License Plates, Flagpoles, and Editorial Discretion

The oral arguments are available for reading in Shurtleff v. BostonIt raised an issue that I had been concerned about for some time. The government often picks and chooses from private speakers when deciding which flags should be displayed on city flagpoles, which images for state license plates, and what monuments should go in public parks. We don’t know what doctrinal categories to use when government exercises this level of editorial discretion.

First Amendment doctrine recognises private speech as an independent form of speech. Newspaper publishers don’t have to agree with each letter to the editor they print—it’s not They speech—but their choice of letters worth printing IsTheir speech is theirs, the government cannot dictate a right to reply. The authors speak through books, and not the owners of bookstores. However, the choice of books that are worth selling is also a type of speech. So on.

This curation of government work seems to be falling through the doctrinal cracks. The well-known “government speech” category is when the government agrees with its statements even if they are suggested first by third parties. And we have various kinds of “public forum” categories (traditional, designated, limited, non-, …) when the government is hosting the speech of others, as to which it usually has to be viewpoint-neutral. There doesn’t appear to be any good doctrine for when government acts as publisher, but not as writer or collector, and decides what speech is worth spreading.

We rarely have to make the decision for private speakers whether this is the speaker’s or editor’s speech. This is not the case for government speakers. The doctrinal classification that it falls under will be determined by who’s speech it was.

Judges can recognize editorial discretion even though they are not able to see it. They sometimes refer to it as a form government speech. Summum, the park-monument case—which came close to carving out a general exception to public-forum doctrine, but ultimately retreated to describing private monuments as “assistance” in “delivering a government-controlled message.” Or sometimes judges see curation as intrusions in a public forum, as in the case of bus advertisements—which WalkerAccording to the license plate case, they were traditionally available for private speech and had no evidence that the speech was being conveyed or owned. (Other than being on a government bus…)

Sometimes judges attempt to fit editorial discretion in existing categories with little success. You can read the full article here Forbes,The Court in the public-television case regarding political-debate recognized that public institutions have the right to pick speakers for lecture series. But it still required viewpoint-neutrality of a public TV channel planning a candidates’ debate—in part because of the broadcaster’s “implicit representation … that the views expressed were those of the candidates, not its own.” Of course that representation is also made for visiting lecturers, guests on a talk show, and so on—all of whom the Court thought the government could select on viewpoint-related grounds. The Court would have had to worry about an attorney. explicitDisclaimer: “These are the only candidates that we believe are worthy of hearing from.” It is not possible for a billboard advertising government that says “Vote to Jones”, which would be in violation of the First Amendment. This is where the term “government speech”, tends to obscure the differences that actually matter. The courts pay too much attention not to the fact that the views visible belong to the government but enough to determine if they can be subject to government curation.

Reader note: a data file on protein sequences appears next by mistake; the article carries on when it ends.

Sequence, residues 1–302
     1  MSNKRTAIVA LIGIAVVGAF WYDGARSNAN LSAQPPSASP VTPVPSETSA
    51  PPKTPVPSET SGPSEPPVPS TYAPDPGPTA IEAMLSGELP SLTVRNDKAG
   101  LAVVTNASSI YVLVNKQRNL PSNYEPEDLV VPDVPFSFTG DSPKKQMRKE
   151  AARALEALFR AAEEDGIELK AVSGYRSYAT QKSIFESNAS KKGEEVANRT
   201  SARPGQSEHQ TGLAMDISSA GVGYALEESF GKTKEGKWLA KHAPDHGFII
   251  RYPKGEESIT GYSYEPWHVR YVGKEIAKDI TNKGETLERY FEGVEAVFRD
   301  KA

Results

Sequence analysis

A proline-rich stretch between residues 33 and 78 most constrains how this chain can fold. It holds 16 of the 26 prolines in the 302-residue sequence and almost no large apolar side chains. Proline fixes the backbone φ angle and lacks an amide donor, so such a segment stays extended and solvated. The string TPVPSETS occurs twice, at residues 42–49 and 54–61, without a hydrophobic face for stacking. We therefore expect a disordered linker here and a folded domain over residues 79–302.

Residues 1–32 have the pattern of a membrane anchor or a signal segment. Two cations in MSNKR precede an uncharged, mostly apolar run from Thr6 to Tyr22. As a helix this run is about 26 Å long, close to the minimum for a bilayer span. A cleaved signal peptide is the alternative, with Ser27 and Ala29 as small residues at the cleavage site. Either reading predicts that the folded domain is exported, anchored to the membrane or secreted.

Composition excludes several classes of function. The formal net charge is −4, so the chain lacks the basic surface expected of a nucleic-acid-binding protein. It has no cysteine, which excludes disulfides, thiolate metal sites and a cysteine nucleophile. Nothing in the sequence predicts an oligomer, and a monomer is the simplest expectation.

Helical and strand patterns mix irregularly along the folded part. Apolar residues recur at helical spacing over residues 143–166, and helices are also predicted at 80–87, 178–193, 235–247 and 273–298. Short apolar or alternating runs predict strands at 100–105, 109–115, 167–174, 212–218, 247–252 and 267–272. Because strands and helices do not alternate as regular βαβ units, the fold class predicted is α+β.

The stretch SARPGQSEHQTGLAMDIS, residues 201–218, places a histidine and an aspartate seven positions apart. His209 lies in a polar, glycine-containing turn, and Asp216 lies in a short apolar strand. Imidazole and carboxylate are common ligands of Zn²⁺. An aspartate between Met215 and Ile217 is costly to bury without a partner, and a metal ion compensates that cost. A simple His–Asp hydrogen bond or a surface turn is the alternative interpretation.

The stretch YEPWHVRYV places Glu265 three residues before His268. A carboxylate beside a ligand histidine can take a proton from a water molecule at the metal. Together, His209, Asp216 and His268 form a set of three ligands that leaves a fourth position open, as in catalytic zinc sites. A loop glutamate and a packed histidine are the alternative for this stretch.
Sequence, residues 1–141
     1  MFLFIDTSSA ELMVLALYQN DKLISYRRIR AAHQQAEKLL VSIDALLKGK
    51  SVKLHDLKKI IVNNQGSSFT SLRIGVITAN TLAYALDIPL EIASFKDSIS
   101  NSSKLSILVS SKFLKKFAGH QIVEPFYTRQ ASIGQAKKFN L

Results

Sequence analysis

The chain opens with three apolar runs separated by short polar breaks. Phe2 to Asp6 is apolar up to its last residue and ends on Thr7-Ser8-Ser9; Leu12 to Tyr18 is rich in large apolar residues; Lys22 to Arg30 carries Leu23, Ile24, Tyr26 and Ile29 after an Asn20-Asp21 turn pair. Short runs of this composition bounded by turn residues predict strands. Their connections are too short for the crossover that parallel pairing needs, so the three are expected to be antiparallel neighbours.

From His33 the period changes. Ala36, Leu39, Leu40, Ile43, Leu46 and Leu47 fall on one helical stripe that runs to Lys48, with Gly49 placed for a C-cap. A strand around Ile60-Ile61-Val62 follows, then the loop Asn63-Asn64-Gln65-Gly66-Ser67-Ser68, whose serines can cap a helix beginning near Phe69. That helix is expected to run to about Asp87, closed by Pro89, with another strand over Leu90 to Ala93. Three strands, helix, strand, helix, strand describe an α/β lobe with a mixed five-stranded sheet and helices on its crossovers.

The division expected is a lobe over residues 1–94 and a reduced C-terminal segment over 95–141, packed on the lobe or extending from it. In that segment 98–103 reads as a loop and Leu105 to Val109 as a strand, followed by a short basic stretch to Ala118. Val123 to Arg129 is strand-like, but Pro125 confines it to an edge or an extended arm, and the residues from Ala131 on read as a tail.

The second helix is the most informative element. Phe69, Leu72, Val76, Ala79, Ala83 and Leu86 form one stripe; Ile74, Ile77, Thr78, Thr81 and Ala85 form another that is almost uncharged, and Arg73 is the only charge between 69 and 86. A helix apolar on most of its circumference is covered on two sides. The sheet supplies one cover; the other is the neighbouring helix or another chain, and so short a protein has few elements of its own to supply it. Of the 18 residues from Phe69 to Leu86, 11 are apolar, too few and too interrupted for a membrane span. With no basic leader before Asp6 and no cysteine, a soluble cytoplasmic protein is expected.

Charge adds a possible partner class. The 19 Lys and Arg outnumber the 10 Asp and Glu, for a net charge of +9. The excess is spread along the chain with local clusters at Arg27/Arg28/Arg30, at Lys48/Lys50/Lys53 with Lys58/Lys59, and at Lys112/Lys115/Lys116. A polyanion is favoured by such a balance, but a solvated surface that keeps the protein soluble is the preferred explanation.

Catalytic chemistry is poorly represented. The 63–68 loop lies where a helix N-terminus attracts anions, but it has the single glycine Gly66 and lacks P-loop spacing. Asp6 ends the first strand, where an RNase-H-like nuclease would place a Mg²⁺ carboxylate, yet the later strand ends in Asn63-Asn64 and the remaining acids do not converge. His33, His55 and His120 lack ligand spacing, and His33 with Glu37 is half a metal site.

This type of editing is unacceptable when applied to speech in general: having private works edited by government officials is not censorship. One can also dispute the validity of any particular area, such as trademark protection.[[]([from private competitors]) government curation would be expanded into fields that were previously reserved for private speech. In lots of ways, this is what judges and lawyers are already arguing about in the government-speech/public-forum cases: my claim is only that the case law would make more sense if it spoke directly in these terms. We can still debate whether license plates are more like the postcards sold at a government-run highway rest stop or more like privately purchased bumper stickers—”little mobile billboards on which motorists can display their own messages,” per the dissent in WalkerThis is done without the expectation of any official review. We can debate whether flying city flags on city flagpoles is like flying them in your own yard or like endorsement of private statements (a form constituent service like the Mayor participating in private parades) so that each city has the ability to choose their viewpoint. We might do better if we use the language of curation, editorial discretion and not in hard-edged categories such as government speech or public forums.

As I do not have an exhaustive first-principles theory for the First Amendment, I am not sure what the case should look like. But the existing doctrine seems to have an editorial-discretion-shaped hole in it, and it probably shouldn’t.